My first session in Lotro after resubscribing reminded me of many of the things I don't like about mmos. I spend most of the time travelling to the far North of Forochel in order to continue the epic quest line with book 13. At the same time I was trying to refresh my memory of what all the skills in my bar do along with the significance of various trait and gear selections. It was all somewhat tedious and at the same time left me feeling a bit inadequate knowing that I have probably fallen far behind my kinship buddies who have been raiding regularly since I left.
Things perked up a bit when I finally got stuck into a few quests. The server seems quite a bit quieter than it used to be but there were still a few calls for assistance in the "looking for a Fellowship" channel. I have always considered pick up groups to be one of the strong points of Lotro so I joined one to help a lower level player overcome a quest mob.
Grouping is a bit of a dilemma for me. Without a doubt the opportunity to play together with other people is the best thing about mmos. Yet this is the one element I find hardest to reconcile with the rest of my life. It is not the so much the time involved as the exclusivity required when you are playing with others. A single player game can be saved or put on hold whenever real life demands attention. A game involving other people cannot be paused so easily.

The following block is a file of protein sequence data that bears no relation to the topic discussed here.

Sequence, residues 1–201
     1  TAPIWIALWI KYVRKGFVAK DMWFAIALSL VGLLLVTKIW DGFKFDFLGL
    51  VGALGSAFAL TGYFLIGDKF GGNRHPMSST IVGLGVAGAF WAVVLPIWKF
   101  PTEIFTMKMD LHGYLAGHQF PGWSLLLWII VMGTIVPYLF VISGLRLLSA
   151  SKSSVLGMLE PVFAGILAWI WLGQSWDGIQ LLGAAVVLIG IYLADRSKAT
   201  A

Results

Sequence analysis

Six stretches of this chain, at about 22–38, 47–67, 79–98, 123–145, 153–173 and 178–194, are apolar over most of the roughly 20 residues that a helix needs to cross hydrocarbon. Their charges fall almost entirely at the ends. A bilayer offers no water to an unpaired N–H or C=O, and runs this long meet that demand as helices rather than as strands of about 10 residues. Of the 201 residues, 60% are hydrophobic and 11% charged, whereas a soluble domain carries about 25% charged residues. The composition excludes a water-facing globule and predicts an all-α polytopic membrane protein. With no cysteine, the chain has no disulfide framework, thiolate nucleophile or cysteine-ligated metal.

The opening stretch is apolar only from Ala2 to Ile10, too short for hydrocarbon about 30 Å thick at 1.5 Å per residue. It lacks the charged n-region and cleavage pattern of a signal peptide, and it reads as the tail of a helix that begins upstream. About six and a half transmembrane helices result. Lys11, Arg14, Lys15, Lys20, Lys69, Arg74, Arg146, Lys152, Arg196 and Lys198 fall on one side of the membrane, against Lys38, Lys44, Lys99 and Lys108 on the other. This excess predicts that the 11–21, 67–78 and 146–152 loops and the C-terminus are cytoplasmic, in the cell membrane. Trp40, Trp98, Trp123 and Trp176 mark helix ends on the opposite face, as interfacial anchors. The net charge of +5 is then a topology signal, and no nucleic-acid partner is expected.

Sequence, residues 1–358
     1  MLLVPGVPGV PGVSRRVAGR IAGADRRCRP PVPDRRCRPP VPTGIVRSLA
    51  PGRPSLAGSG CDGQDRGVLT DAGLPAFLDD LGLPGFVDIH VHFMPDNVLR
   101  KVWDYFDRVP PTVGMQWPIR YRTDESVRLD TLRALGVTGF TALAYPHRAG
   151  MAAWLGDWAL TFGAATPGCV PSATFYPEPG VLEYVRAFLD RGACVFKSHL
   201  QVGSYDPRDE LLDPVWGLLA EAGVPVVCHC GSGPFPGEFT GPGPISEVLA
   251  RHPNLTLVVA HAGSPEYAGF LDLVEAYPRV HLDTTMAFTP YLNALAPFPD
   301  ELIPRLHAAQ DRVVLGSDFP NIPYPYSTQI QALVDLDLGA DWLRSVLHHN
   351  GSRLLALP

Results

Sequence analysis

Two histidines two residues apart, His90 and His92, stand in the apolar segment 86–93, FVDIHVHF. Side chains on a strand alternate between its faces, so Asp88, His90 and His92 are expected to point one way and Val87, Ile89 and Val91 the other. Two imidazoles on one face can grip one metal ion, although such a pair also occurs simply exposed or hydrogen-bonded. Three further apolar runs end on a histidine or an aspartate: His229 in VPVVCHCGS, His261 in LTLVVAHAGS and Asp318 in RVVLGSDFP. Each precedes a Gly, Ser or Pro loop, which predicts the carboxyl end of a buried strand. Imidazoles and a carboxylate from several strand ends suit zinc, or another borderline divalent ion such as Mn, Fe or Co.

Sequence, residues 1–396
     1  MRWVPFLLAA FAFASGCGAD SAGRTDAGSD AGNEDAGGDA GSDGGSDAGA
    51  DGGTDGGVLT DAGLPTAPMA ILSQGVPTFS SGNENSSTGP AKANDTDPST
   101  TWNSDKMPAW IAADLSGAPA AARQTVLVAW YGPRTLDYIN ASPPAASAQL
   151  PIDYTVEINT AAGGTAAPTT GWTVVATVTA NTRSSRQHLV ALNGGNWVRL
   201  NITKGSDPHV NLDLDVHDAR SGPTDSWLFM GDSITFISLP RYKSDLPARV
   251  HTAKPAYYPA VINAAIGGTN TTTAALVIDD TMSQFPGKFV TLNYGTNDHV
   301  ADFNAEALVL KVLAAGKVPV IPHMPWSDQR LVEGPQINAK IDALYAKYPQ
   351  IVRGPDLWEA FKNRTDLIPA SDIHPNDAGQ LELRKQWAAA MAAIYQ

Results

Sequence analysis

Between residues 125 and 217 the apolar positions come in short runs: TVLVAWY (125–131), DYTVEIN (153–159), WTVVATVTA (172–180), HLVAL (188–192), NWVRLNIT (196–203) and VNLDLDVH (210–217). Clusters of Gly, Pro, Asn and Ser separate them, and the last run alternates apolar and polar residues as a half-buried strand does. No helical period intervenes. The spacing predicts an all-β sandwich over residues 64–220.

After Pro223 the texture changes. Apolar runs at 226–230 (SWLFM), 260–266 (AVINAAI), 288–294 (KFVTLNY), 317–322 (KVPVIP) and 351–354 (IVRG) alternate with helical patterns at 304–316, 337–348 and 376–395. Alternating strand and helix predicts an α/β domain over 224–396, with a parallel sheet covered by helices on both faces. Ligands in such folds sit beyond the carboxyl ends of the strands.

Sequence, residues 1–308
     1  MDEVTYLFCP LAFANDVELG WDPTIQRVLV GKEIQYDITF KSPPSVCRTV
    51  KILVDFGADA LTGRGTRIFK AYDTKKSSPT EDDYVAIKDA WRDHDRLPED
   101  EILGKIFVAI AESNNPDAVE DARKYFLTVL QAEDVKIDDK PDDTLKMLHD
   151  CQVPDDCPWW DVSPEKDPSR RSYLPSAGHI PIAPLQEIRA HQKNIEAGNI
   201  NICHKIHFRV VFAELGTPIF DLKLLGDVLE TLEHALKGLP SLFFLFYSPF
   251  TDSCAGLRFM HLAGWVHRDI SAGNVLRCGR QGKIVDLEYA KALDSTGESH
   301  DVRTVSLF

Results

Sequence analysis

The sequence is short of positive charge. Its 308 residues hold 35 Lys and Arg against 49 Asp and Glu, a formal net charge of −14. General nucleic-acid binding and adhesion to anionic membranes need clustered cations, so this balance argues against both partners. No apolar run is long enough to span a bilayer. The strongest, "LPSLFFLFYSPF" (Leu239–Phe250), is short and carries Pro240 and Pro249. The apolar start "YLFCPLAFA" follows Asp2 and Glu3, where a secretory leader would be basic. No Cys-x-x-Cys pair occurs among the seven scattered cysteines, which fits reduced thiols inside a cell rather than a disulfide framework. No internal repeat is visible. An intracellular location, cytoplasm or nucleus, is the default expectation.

Exclusivity is a problem in another sense. Since quitting EVE at the end of August I have been enjoying quite a number of single player games: Two Worlds, Rainbow Six Vegas, Sacrifice, XIII, Crysis Warhead, Praetorians and Spore. If I get sucked back in to an mmo I just won't have time for such a varied gaming experience. I know some folk manage to juggle various mmos but I have never managed it. I tend to find an mmo not only consumes all my gaming time but can intrude on other areas of my life as well. Sometimes I think I spend as much time browsing fan sites as playing.
How to proceed? I am going to try and rejoin the game in a limited way. A big part of this involves saying no to stuff. No I don't need to do every quest from this zone. No I don't need to get a perfect set of traits. No I don't need to complete my raid armour set. Instead I will set a few achievable objectives and pursue those. Completing the book quests seems like a good start.